Academy of Fine Arts in Krakow

Main building of the Krakow Academy of Fine Arts, Jan Matejko Square

Beginnings of the Academy

The Academy of Fine Arts in Krakow was established in 1818. Initially, it functioned under the name School of Drawing and Painting as a  subdivision of the Department of Literature at the Jagiellonian University. It gained full autonomy in 1873 as the School of Fine Arts.

The first president of the School was Jan Matejko, a revered Polish painter, representant of the historicism in art. The main building was erected in 1879 at the square today known as Matejko Square.

Main building of the Krakow Academy of Fine Arts, Jan Matejko Square

Main building of the Krakow Academy of Fine Arts, Jan Matejko Square

Another important date was the year 1895 when the School welcomed a new president, Juliusz Falat. The greatest merit of Falat’s time as president was changing the School of Fine Arts into the Academy of Fine Arts in 1900. Falat appointed the greatest artists of the Young Poland period as professors: Jacek Malczewski, Leon Wyczolkowski, Jan Stanislawski, Teodor Axentowicz, Stanislaw Wyspianski and Jozef Mehoffer. In 1905, Julian Falat became the first rector of the Academy of Fine Arts in Krakow.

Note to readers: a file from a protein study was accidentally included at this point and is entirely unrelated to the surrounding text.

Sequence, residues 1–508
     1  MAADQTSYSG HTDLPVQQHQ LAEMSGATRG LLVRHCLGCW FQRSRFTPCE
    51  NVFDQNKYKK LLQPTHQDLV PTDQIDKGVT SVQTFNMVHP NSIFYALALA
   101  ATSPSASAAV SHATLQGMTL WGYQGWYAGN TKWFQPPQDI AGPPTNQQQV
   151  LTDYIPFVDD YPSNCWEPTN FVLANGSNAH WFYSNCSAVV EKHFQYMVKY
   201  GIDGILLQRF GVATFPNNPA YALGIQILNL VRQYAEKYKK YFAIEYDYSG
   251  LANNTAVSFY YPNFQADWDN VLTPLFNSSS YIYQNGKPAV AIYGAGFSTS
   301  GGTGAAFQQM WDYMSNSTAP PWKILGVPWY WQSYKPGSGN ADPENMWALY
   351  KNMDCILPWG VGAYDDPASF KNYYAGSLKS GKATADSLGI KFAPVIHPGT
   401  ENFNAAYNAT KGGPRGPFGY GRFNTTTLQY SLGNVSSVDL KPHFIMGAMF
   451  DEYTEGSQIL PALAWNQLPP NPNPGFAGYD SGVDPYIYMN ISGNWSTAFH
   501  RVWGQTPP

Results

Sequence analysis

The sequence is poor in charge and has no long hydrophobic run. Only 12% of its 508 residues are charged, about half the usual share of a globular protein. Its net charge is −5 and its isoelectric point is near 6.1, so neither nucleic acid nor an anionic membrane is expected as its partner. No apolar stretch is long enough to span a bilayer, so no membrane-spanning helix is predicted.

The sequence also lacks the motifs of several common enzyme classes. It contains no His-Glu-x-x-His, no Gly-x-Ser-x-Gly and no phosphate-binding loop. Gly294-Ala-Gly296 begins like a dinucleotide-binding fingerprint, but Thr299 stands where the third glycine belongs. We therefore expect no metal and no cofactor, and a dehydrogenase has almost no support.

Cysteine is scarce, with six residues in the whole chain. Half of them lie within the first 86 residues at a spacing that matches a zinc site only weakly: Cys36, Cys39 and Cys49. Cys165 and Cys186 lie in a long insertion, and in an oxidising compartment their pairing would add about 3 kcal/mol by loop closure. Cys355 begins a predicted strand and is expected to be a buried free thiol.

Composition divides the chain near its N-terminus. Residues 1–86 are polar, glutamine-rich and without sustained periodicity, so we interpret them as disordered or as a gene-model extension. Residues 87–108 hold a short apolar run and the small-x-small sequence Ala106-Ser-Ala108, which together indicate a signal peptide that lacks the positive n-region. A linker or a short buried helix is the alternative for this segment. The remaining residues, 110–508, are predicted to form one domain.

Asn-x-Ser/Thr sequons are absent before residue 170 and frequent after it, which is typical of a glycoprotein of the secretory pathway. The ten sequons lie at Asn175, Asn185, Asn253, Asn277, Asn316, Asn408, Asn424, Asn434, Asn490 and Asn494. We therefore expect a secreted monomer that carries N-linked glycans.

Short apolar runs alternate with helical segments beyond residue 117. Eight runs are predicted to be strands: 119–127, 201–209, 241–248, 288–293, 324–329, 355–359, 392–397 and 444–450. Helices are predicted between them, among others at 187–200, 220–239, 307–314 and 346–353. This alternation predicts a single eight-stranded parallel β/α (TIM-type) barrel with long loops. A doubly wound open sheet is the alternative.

Academy of Fine Arts

After Falat’s chairmanship ended, most of the professors he appointed, who were the most important Polish artists of the time, subsequently replaced him as rectors of the Academy.

In 1918, the Academy of Fine Arts celebrated a hundred years of work. It was a year, when Poland regained independence, what added symbolism to the jubilee. An interesting connection is also a fact, the first Prime Minister of Poland was Jedrzej Moraczewski, son of Maciej, an architect who designed the building on Matejko Square.

In the 1920s, a students’ initiative functioned at the Academy, the Paris Committee (in Polish Komitet Paryski, usually abbreviated to “Kapist“). It was a movement that focused on sending art students to Paris, where they developed their talent under the eye of Jozef Pankiewicz, a mentor of young Polish artists. One of the students was a Jozef Czapski, who later created a Polish artistic circle in Paris.

After World War II, the Academy was merged with the University of Fine Arts. In 1950–1956 it operated under a name of Academy of Plastic Arts. On the 100th anniversary of functioning as Academy, in 1979, it was given a name of Jan Matejko.

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